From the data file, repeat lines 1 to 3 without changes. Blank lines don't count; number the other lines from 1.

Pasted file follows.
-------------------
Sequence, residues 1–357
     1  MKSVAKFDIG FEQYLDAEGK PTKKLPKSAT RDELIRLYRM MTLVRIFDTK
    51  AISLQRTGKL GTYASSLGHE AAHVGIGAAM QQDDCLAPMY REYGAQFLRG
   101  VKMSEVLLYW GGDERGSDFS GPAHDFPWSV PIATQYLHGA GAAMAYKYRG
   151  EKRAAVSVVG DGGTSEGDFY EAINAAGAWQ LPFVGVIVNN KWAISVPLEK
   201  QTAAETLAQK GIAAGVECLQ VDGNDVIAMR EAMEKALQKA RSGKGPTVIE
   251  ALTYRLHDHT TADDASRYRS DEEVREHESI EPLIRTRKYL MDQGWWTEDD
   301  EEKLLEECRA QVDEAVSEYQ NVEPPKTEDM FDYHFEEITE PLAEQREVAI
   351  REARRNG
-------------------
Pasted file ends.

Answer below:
Sequence, residues 1–357
     1  MKSVAKFDIG FEQYLDAEGK PTKKLPKSAT RDELIRLYRM MTLVRIFDTK
    51  AISLQRTGKL GTYASSLGHE AAHVGIGAAM QQDDCLAPMY REYGAQFLRG